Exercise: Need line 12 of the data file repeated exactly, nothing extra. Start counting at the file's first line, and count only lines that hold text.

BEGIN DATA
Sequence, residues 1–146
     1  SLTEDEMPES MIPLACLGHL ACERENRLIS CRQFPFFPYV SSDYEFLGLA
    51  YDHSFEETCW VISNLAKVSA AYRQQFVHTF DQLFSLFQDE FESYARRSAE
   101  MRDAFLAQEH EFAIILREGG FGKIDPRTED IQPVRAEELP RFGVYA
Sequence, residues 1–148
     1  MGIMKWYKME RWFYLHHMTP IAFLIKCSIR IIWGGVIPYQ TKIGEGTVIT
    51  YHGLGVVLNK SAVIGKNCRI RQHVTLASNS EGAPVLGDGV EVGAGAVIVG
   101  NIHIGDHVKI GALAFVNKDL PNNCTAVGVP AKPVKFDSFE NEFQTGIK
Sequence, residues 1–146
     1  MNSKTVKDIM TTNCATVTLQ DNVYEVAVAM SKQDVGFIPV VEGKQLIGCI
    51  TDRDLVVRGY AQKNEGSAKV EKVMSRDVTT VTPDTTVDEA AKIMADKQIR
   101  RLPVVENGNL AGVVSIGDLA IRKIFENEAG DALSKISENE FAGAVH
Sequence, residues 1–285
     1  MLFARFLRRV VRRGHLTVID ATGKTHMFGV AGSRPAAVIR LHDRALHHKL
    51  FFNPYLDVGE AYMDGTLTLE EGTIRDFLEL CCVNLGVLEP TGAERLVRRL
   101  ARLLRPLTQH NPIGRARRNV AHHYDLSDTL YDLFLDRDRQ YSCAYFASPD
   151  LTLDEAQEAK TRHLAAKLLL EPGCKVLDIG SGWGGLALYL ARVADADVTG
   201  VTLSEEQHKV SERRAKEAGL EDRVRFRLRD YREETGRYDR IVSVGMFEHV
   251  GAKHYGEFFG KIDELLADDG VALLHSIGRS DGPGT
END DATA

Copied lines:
   101  RLPVVENGNL AGVVSIGDLA IRKIFENEAG DALSKISENE FAGAVH